Regulation of Exempt Polymers: Another example is EPA’s drastically different approach to regulating exempt polymers before and after Lautenberg. Long ago, EPA concluded that polymers that meet the polymer exemption criteria are inherently low hazard. Prior to Lautenberg, EPA would “drop” PMNs for polymers that met the exemption criteria. Under new TSCA, EPA seems to be of the view that EPA must limit how these polymers are made such that only a polymer meeting the exemption criteria can be produced. The argument goes that since a company could manufacture a polymer under a particular name in a way that does not meet the exemption criteria, such manufacture is “reasonably foreseeable” regardless of whether EPA could actually identify such. EPA has proposed numerous consent orders for otherwise-exempt polymers. Fortunately, EPA’s position on exempt polymers has evolved, partly in response to expressions of industry concern, and partly in recognition of the tremendous burden such a policy places on EPA. EPA now identifies new polymers that meet the polymer exemption criteria with a “polymer exemption flag.” The flag limits how the substance may be manufactured, but limits this to specific polymer exemption criteria rather than citing to all of the polymer exemption provisions that would provide the manufacturer with the same flexibility that is available under the exemption. This is an example of a creative solution that we believe provides a promising foundation on which to build a more workable New Chemicals Program.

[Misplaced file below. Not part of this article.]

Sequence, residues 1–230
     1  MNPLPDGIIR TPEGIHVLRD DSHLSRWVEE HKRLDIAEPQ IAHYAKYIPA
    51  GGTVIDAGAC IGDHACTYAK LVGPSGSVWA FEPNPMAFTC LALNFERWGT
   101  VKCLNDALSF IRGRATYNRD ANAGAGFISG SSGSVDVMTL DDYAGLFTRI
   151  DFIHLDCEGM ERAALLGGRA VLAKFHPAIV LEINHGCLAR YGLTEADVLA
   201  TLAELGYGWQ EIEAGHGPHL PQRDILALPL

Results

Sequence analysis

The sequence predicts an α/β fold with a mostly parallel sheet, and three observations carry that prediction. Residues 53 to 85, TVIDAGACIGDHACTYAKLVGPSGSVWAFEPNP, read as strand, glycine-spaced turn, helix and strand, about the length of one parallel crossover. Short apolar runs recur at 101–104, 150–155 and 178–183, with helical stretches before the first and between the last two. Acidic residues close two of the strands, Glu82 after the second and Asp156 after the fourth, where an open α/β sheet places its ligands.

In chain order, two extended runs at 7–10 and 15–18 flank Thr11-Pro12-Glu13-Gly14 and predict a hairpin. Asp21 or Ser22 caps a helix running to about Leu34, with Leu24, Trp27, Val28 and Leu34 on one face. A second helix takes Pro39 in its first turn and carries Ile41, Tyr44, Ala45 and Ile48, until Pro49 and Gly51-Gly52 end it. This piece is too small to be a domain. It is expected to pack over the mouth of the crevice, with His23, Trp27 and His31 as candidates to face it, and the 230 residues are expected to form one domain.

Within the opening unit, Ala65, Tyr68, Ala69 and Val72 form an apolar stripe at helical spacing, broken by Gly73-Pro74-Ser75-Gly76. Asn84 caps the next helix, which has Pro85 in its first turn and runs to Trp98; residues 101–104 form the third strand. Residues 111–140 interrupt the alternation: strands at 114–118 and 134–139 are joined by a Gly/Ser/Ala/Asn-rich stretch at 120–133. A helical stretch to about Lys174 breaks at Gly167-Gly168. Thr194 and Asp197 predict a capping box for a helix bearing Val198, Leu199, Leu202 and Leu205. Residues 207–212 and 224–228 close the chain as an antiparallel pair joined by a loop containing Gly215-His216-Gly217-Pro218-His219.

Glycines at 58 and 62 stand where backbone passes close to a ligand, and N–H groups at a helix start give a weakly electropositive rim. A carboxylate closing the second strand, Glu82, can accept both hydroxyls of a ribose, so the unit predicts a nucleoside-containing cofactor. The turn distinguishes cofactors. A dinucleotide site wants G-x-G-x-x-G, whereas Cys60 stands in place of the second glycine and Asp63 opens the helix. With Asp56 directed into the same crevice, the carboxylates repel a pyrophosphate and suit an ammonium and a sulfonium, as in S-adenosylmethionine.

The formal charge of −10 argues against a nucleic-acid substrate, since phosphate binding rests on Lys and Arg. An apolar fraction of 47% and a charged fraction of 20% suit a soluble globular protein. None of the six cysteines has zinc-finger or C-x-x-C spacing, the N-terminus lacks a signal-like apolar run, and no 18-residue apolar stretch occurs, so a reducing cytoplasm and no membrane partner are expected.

The nature of the New Chemicals Program is that there is little, if any, line-of-sight on decisions on individual submissions. EPA makes its determinations based on the factual information set forth in a PMN and additional modeling and assumptions. Given the prevalence of Confidential Business Information (CBI) in new chemical submissions, there is no way, however, for submitters to determine whether EPA’s determinations are consistent. Similarly, it is difficult to discern common approaches to regulation that EPA might be pursuing among structurally similar substances.